Queen of Candesce

by Karl Schroeder

Cover image

Series: Virga #2
Publisher: Tor
Copyright: August 2007
ISBN: 0-7653-1544-0
Format: Hardcover
Pages: 332

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Queen of Candesce is the sequel to Sun of Suns, but Schroeder does a great job letting both books stand on their own. I think he's one of the best at writing standalone novels that nonetheless contribute to a larger world. It is useful to remember the events of Sun of Suns since Venera makes frequent reference to them, but Queen of Candesce is thoroughly enjoyable on its own.

Schroeder shifts viewpoint characters from the swashbuckling but somewhat simple Hayden to Venera, a far more complex and manipulative character who played a significant role against and alongside Hayden in Sun of Suns. It's a substantial improvement. Venera does not follow the patterns of quest and coming of age stories. She wants power and revenge, manipulates people to get it, and thrives on politics. When she's blown into the middle of a relic, a huge rotating cylinder near the heart of Virga and the last remaining constructed habitat of its kind, she enters a world for which she's perfectly suited. Spyre has turned inward and isolationist, fragmented into thousands of warring micronations with bizarrely in-grown traditions, and filled itself with baroque politics and crumbling steampunk technology. It's a wonderful setting that Venera turns thoroughly on its head.

Schroeder continues to be, in my opinion, the best purveyor of sense of wonder science fiction currently writing. The Virga series is set in a huge weightless bubble of air containing dozens of small artificial suns and Candesce, their mother, at its center. It tends towards steampunk and mechanisms instead of information and computers. But even here, in a decadent throwback habitat within an intentionally backwards construct, Schroeder throws in hints and glimmers of higher technology and futuristic social organizations. This time, it's a revolutionary organization whose twist on a democratic uprising is a manual for decentralized government involving carefully modelled assignment of roles. The lurking specter of Something that would like Virga's artificial technological limitations removed, as seen in Sun of Suns, also floats in the background, but continues to work only through proxies. Schroeder is going more for a rip-roaring tall tale than the imaginative, futuristic brilliance of Lady of Mazes, but similarities remain.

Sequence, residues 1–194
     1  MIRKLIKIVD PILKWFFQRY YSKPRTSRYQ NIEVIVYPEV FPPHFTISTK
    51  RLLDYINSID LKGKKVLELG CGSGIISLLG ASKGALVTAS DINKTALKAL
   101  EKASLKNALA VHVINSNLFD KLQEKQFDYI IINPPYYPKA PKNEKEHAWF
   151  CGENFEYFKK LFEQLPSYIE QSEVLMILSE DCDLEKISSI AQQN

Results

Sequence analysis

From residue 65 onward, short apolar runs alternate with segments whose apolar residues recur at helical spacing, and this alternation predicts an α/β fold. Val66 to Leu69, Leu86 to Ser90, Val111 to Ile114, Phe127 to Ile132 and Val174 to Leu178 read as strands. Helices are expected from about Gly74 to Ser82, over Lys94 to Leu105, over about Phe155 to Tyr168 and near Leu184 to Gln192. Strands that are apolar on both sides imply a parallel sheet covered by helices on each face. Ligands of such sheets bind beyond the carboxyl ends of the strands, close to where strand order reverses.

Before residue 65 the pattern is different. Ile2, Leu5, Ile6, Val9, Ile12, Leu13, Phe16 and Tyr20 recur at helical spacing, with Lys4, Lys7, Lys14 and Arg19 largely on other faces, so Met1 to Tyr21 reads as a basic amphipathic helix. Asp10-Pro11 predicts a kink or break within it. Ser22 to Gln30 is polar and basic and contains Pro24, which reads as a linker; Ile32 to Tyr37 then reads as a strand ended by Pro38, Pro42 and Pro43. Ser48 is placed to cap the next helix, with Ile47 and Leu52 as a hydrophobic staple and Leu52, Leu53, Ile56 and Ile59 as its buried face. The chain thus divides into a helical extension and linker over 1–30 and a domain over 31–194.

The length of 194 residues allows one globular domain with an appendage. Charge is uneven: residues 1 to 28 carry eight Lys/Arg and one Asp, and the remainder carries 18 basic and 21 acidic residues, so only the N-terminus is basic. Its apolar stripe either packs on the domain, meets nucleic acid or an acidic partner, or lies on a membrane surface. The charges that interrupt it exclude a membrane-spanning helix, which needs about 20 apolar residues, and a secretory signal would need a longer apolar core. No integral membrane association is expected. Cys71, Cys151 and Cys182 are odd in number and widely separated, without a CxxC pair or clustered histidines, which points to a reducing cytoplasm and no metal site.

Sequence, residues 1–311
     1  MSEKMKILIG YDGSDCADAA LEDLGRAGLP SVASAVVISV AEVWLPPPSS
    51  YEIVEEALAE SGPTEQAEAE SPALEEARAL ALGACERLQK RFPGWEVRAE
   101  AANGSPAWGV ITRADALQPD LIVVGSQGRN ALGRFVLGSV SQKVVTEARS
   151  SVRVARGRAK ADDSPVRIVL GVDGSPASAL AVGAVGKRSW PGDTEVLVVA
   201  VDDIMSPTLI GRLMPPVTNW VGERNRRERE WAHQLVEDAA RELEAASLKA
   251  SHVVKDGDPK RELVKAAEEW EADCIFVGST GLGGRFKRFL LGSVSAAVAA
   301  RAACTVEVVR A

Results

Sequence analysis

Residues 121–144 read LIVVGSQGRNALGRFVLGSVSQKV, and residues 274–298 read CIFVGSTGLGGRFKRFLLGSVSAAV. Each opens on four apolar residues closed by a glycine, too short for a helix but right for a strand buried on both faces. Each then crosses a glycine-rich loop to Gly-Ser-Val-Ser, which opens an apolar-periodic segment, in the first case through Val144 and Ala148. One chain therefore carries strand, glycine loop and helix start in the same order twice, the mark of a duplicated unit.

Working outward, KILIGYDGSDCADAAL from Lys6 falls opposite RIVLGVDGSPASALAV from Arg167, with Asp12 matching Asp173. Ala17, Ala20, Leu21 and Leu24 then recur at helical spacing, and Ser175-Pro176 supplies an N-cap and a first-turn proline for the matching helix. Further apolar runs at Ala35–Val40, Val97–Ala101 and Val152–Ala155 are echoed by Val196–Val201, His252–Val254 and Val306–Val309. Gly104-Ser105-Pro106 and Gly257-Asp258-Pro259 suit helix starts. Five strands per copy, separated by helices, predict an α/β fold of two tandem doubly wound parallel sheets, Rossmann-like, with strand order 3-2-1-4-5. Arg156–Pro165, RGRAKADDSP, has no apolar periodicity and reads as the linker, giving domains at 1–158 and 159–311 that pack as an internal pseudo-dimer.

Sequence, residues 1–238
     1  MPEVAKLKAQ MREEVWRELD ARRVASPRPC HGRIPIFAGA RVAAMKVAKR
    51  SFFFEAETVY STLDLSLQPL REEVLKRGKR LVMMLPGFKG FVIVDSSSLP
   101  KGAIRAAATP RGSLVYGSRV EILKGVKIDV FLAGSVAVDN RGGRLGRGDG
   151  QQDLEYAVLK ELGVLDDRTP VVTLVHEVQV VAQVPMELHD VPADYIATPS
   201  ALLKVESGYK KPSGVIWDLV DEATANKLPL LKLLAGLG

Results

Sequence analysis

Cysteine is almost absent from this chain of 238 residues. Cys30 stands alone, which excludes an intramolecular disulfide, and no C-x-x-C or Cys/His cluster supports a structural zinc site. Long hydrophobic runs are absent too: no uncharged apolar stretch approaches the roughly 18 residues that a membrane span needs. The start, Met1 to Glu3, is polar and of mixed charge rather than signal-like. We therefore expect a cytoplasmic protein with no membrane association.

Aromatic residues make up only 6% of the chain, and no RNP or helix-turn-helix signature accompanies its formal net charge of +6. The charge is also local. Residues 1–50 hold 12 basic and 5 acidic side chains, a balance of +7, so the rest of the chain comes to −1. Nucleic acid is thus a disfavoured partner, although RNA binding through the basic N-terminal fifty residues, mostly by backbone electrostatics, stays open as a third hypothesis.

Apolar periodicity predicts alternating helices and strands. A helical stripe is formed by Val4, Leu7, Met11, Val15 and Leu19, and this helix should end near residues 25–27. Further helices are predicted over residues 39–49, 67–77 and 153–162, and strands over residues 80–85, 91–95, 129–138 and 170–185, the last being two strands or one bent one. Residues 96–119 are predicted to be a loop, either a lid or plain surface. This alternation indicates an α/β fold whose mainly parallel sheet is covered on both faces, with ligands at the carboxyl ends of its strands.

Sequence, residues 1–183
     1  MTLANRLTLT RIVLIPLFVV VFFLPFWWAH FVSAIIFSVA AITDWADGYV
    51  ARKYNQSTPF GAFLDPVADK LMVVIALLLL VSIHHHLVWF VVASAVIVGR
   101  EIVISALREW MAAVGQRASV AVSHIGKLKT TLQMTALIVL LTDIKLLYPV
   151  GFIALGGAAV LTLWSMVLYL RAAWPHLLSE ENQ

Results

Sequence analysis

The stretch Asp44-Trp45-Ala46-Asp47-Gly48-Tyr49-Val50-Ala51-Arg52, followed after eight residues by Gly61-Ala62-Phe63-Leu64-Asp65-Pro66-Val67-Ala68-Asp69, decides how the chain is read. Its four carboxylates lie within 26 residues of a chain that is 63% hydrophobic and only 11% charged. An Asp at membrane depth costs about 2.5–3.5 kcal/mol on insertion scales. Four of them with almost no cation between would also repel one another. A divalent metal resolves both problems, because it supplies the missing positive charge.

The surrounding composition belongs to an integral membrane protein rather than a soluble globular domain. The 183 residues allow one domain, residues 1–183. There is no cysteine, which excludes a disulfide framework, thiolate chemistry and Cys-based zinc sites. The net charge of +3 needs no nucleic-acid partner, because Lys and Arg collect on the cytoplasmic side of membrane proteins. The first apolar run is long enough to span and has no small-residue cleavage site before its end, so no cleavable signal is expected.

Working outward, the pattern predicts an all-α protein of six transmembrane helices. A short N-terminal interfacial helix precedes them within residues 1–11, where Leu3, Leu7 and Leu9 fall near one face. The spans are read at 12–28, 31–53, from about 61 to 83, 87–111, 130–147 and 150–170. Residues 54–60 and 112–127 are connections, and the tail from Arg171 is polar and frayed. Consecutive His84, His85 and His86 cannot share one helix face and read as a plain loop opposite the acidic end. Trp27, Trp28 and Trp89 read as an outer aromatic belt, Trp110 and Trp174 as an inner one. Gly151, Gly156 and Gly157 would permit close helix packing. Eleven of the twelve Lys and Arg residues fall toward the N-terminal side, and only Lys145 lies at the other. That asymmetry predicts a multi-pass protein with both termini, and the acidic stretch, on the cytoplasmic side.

Mostly, though, Queen of Candesce is about the brilliant setting and set pieces. Nations consisting of single buildings, filled with craftsmen whose ancestors have occupied the same offices performing the same tasks. Elevators which rise to geared hub towns of political power. Unimaginable prices paid for produce grown in one of the few places with both consistent gravity and sufficient room. Holes ripped in the metal of a rapidly spinning habitat. Falling through endless miles of air. Towers standing alone at the edge of whirling abyss. This book is breathtaking, and after a slow start and some necessary scene-setting, it's also breathless. Venera is not someone who waits around for things to happen to her.

The Virga series, while great fun, still doesn't quite measure up to Lady of Mazes or Permanence, but Queen of Candesce takes a significant step up from the pirate adventures of Sun of Suns. Venera is a much stronger protagonist, and by about fifty pages in, I was thoroughly hooked. This is a book that one reads faster than one intends to, even if the masses of battle scenes towards the end get a bit confused. It's thoughtful, beautiful (including the gorgeous cover), and pure fun. If I didn't always buy Schroeder's playful economics, his imagination for superstructure more than makes up for that. If you liked the setting of Larry Niven's Integral Trees, the Virga series is better in every respect.

Followed by Pirate Sun, which I am eagerly awaiting.

Rating: 8 out of 10

Reviewed: 2007-10-01

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